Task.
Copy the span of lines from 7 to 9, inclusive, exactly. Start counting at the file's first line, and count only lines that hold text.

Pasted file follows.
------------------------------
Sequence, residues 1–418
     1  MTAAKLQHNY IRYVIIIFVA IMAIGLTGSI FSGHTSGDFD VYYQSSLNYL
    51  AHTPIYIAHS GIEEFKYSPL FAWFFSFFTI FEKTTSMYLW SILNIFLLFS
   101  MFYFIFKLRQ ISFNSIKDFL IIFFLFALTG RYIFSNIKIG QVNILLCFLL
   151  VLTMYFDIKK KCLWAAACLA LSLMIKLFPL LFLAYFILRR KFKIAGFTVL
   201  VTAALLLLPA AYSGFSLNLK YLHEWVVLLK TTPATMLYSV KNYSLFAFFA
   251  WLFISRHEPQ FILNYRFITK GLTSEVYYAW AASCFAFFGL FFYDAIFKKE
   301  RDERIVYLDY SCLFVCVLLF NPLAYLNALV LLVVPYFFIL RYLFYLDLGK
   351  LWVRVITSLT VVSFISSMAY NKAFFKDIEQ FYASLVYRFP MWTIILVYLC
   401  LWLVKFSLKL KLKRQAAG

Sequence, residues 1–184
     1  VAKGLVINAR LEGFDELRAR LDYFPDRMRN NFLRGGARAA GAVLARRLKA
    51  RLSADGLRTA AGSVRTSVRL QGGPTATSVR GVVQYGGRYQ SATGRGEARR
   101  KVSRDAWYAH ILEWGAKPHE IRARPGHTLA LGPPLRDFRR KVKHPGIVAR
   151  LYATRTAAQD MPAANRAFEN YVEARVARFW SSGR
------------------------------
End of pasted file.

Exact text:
   251  WLFISRHEPQ FILNYRFITK GLTSEVYYAW AASCFAFFGL FFYDAIFKKE
   301  RDERIVYLDY SCLFVCVLLF NPLAYLNALV LLVVPYFFIL RYLFYLDLGK
   351  LWVRVITSLT VVSFISSMAY NKAFFKDIEQ FYASLVYRFP MWTIILVYLC